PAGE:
For one, with the arrests of top BNP and especially AL leaders, New Delhi might definitely find the political base of its main ally in Dhaka - the Sheikh Hasina led Awami League party, shrunk. Two, while the Army chief, Lt Gen Moeen U Ahmed has gone on record and said that

"The army has no intention to take over. We are not even running the government. But we like to see this government successful as we want to put the country on the right track through concerted efforts of all"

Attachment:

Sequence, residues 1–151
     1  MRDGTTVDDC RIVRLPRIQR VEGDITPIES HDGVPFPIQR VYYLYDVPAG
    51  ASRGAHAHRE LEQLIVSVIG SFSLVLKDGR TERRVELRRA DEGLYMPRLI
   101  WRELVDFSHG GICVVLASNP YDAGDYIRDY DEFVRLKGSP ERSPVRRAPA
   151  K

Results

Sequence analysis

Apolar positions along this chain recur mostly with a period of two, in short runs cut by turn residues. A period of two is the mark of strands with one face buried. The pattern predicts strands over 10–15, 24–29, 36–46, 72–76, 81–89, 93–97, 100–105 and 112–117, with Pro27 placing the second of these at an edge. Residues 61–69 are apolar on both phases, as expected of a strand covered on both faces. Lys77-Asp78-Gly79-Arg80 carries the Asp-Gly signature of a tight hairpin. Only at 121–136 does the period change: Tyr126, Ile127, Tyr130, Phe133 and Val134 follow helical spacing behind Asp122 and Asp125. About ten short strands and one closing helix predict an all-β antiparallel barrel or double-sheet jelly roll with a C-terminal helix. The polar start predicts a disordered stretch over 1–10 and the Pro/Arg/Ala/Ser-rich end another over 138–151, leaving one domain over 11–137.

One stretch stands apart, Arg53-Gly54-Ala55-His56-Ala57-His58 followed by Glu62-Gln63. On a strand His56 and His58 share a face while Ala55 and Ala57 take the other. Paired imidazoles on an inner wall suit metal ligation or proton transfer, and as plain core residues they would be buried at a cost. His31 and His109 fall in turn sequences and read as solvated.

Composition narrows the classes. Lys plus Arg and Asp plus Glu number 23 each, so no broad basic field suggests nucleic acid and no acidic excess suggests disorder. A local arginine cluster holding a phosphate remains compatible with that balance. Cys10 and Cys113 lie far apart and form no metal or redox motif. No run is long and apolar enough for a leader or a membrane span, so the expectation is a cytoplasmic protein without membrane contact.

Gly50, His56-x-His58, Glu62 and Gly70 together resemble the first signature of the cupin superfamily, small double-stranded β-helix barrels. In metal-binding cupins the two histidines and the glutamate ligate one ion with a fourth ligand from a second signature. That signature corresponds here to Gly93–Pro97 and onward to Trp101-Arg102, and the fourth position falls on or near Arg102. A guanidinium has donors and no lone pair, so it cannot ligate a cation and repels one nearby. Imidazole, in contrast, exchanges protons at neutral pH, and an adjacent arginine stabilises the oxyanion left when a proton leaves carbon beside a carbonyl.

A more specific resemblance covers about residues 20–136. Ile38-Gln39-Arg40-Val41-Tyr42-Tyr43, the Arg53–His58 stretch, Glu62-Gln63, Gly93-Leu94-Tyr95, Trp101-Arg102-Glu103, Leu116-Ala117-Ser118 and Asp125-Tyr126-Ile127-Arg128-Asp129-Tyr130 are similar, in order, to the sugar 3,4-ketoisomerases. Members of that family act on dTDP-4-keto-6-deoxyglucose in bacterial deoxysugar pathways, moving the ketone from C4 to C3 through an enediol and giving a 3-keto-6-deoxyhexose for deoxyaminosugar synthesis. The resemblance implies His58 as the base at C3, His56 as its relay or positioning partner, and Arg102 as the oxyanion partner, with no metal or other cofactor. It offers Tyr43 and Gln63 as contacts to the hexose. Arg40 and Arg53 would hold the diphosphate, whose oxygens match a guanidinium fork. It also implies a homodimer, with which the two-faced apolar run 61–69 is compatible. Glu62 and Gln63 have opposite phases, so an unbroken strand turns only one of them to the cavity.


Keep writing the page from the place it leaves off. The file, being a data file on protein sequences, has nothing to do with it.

it does not dispel doubts whether the Army and the caretaker government together would have ever felt empowered enough to carry out such a cleansing operation in Dhaka's murky politics. Thus rumours of a 'foreign power' being involved in the current developments cannot be dismissed with a foregone conclusion. The third and most relevant development till date has been the foray of Nobel Peace prize winner, Dr Mohammed Yunus into Bangladeshi politics. Announcing his decision to launch a political party, were he to be accepted by the Bangladeshi electorate is nothing more than a precursor to a more formal announcement. It begs to be questioned whether the good doctor is being supported by the same foreign power whose influence is being suspected in the current political drama, and, how effectively would Dr Yunus' party exploit the space being created on Bangladesh's political stage. Lastly and most importantly, with these developments taking place in Bangladesh, a change in New Delhi's policy towards Dhaka is hopefully anticipated to be one that takes into account the changed ground realities of the neighbouring country.